MSUFCU Routing Number: 272479663
MSUFCU SWIFT Code: MSUCUS44

ComputerLine - Protected by TrulyU®

Login Help
MSUFCU Live Chat

800-678-4968 • 517-333-2424
Mon-Fri: 7:00 a.m. - 9:00 p.m. ET
Sat: 9:00 a.m. - 3:00 p.m. ET

MSU Federal Credit Union | Security Center | Recent Scams

Recent & Common Financial Scams

 

Protect your financial and personal information by staying aware and informed. Below is information about a number of recent and common financial scams.

 

In this tough economic climate, there have been more and more scammers eager to take advantage of those seeking work.

 

When applying for jobs online, use reputable websites and remember that the old adage "if it seems too good to be true, it probably is" still applies. A recent scam has phony "employers" offering job candidates work but requires these applicants provide money upfront that the "employers" claim will later be refunded, or the "employers" provide a check for the applicants and request that they cash the check, forward a portion of the money to the "employer," and then keep the rest of the money for themselves as a signing bonus.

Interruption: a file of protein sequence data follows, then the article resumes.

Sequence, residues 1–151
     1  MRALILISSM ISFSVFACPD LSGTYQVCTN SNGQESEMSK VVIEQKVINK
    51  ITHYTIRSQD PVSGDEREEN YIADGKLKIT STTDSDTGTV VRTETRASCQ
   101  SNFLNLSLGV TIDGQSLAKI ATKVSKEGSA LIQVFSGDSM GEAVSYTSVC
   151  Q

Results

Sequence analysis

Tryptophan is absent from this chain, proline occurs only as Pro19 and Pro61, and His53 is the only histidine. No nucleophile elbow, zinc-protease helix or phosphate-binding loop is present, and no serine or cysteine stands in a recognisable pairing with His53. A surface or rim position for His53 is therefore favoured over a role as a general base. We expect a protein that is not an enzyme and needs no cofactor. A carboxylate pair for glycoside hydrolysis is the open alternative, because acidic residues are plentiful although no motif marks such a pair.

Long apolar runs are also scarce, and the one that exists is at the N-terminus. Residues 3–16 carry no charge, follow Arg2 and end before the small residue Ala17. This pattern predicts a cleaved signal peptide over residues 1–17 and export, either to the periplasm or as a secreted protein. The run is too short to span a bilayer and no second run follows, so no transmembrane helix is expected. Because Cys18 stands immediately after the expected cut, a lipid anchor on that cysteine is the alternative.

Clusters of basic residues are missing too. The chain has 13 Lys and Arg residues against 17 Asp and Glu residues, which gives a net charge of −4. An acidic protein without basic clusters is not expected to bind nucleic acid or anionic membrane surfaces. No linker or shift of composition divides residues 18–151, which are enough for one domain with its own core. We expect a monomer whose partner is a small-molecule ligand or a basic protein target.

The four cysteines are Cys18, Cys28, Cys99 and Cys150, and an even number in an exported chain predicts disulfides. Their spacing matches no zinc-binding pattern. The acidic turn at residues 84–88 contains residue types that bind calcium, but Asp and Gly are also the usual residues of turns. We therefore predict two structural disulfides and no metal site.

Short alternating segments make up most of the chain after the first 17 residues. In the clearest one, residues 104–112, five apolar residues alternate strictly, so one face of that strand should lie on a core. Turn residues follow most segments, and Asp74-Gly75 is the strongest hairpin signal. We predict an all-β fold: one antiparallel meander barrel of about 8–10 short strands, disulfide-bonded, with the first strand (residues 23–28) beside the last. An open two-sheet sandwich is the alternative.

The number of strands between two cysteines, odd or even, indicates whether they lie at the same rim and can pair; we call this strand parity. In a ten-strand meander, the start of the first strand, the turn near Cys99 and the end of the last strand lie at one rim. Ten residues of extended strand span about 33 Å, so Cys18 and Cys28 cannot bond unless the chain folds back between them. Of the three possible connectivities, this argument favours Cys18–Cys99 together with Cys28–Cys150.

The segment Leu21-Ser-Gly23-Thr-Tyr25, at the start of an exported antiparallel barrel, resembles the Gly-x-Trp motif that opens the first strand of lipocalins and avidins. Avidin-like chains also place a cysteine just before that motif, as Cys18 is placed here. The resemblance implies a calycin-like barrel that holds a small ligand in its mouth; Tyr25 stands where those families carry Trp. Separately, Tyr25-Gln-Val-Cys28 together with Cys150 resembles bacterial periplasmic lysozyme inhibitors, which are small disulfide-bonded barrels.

Don't fall for this updated version of what's commonly called the "Nigerian Payment Scam." The check provided to you by this scammer will wind up being fraudulent, and you will be out the money you forwarded along to the phony "employer" or the money you sent as an upfront payment for reasons such as credit report processing or equipment fees for a work-at-home opportunity.

 



Phishing
Fraudulent emails known as phishing scams pose as your financial institution or other trusted business to try to obtain your personal and financial information online or by telephone. Learn more about phishing.


Nigerian Payment Scam
There are several variations of what is commonly called the "Nigerian Payment Scam." Scammers usually contact potential victims by email, explaining that they know of an international bank account containing millions of unclaimed dollars. If you claim to be the next of kin to the deceased owner of the account, the emailer promises to split the money with you. Variations of this story include a trust fund that the individual cannot claim from his militant government or an account held in a murdered family member's name.


Before the money can be obtained, the scammer will tell you that you must first provide thousands of dollars up front to pay for various fees. This email and its variations are scams. The email may even provide the address of an international bank where you can set up an account. The scammer then supposedly fills the account with millions of dollars to prove that it is not a scam. The bank and the money are not real and are used instead to gather your personal information for illegal use or to convince you to transfer funds to them yourself.